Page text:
Budget increases of greater than 15% may be subject to owner vote

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The IL Condo Act grants the board the right and responsibility to "prepare, adopt and distribute the annual budget for the property." (Sec. 18.4b) Unit owners do not vote on the annual budget, but there is a certain circumstance in which an owner vote may apply.

If the proposed budget shows an increase of more then 15% over the prior year's assessments, a unit owner vote may occur.  A written petition signed by at least 20% of the owners by ownership percentage must be delivered to the board within 14 days of the adoption of the budget.  The board must then call a unit owner meeting within 30 days of the date of the delivery of the petition.  A majority of the total votes of the unit owners must be cast at the meeting to reject the budget or it is ratified. 

The 15% increase applies to the total of all regular and special assessments.  If the association's total budget was $100,000 in the prior year and they also collected a special assessment of $10,000 (for a sum of $110,000), the proposed budget would have to exceed $126,500 to meet the 15% threshold.

Quick Links for Illinois Annual Report Filings

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I just sent this information to a client, so figured I'd post it quickly here as well!

Incorporated associations must file an IL Annual Report each year and pay a filing fee to maintain their incorporation.  Filing can be done online for an extra fee or a form can be completed and mailed with payment. 

Click here to file online. 

Click here to complete and mail a paper form.

Condominium associations not eligible for tax exempt status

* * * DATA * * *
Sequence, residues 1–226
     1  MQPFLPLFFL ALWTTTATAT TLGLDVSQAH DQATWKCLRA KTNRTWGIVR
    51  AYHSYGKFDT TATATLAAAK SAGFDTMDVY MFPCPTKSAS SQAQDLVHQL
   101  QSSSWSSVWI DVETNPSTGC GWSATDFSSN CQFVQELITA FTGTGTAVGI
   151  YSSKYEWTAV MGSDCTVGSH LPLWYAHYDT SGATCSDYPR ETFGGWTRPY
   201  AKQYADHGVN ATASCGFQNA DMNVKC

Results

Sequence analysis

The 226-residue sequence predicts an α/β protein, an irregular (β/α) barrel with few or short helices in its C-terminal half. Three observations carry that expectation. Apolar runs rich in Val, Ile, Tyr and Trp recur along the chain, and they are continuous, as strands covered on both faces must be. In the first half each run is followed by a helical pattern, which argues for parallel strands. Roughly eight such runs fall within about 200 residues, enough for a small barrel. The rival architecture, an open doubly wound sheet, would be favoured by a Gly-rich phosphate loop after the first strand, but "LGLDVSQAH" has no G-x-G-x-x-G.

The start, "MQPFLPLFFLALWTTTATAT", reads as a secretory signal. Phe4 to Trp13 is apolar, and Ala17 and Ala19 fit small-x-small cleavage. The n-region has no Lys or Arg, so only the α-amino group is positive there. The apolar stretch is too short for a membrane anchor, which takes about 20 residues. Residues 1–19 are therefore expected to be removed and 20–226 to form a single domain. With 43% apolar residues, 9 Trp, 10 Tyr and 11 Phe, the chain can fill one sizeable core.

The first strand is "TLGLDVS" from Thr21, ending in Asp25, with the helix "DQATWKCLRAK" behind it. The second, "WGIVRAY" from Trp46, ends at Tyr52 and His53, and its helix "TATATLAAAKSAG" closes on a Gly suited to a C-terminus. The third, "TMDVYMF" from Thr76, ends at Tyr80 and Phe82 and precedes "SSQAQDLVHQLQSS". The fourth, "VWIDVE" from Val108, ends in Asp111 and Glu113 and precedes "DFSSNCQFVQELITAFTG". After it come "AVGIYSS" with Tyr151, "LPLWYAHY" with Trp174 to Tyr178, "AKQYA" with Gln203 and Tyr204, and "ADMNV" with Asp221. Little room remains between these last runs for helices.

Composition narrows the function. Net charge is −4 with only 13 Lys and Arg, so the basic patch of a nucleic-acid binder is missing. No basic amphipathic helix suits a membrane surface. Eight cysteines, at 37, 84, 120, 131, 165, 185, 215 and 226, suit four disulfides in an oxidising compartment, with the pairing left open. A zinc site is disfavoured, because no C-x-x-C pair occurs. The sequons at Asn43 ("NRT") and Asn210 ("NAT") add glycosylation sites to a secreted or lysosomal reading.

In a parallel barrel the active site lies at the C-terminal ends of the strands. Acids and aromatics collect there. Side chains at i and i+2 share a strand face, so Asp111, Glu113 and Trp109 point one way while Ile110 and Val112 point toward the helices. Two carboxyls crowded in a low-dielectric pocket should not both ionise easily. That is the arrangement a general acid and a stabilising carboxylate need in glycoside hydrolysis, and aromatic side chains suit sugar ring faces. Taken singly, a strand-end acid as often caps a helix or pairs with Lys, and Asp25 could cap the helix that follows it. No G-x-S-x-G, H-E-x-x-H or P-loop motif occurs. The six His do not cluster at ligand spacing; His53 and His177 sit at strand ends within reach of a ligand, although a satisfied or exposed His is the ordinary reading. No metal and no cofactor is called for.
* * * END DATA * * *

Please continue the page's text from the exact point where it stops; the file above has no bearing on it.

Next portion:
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While condominium associations are considered non-profit entities and are incorporated as such with the state, they do not qualify for federal tax exemption under IRS Code Sec. 501(c).  The IRS has issued a Written Determination that specifically denies condominium associations tax exempt status as a Civic League or Social Welfare Organization under Sec. 501(c)(4) or as a Business League under Sec. 501(c)(6).  The bottom line is that condominium associations operate for the benefit of their members, and not for the social welfare or common good of the community in general.  They also are not formed as an association of persons with a common business interest. Download and read the entire letter ruling here.

Help Save the Refuse Rebate!

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The City of Chicago 2012 Budget proposes to eliminate the Refuse Rebate program for condominium associations.  This means a loss of much needed funds for small associations across Chicago. 

You can sign a petition to ask the mayor to preserve the Refuse Rebate.  Please make your voice heard by signing the petition online:  http://www.change.org/petitions/mayor-city-of-chicago-eliminate-the-condo-refuse-rebate-portion-of-your-2012-budget-proposal.

Associations have until 12/31/11 to file 2010 Refuse Rebates.  This could be the last chance to receive your Rebate, so be sure to file on time!

Smaller deductibles for smaller associations

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In reviewing our clients' insurance policies while preparing 2012 budgets, I'm finding that several smaller associations have policies with deductibles that are high for their size.  The deductible is the amount that the association will pay toward any claim before the insurance policy will cover anything.  A $2500 deductible may save a bit on insurance premiums, but if the association doesn't have a lot of funds in the bank to begin with, it will be difficult to cover a $2500 deductible when a claim is filed.

We generally recommend a $1000 deductible for small associations.  Check with your insurance agent or broker to determine if you can minimize your deductible while keeping your premiums at a reasonable level.